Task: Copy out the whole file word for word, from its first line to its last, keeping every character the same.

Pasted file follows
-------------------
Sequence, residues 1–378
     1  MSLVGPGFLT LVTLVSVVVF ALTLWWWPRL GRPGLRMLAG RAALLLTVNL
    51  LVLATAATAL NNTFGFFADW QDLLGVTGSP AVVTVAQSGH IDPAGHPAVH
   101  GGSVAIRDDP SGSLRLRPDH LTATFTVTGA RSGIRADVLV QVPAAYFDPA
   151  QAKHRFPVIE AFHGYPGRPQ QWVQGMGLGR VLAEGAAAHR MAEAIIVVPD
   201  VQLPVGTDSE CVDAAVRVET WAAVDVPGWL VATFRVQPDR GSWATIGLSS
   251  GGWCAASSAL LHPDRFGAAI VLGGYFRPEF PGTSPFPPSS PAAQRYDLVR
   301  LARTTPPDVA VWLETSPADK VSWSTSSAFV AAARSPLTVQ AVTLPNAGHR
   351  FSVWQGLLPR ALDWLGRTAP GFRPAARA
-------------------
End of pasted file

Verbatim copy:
Sequence, residues 1–378
     1  MSLVGPGFLT LVTLVSVVVF ALTLWWWPRL GRPGLRMLAG RAALLLTVNL
    51  LVLATAATAL NNTFGFFADW QDLLGVTGSP AVVTVAQSGH IDPAGHPAVH
   101  GGSVAIRDDP SGSLRLRPDH LTATFTVTGA RSGIRADVLV QVPAAYFDPA
   151  QAKHRFPVIE AFHGYPGRPQ QWVQGMGLGR VLAEGAAAHR MAEAIIVVPD
   201  VQLPVGTDSE CVDAAVRVET WAAVDVPGWL VATFRVQPDR GSWATIGLSS
   251  GGWCAASSAL LHPDRFGAAI VLGGYFRPEF PGTSPFPPSS PAAQRYDLVR
   301  LARTTPPDVA VWLETSPADK VSWSTSSAFV AAARSPLTVQ AVTLPNAGHR
   351  FSVWQGLLPR ALDWLGRTAP GFRPAARA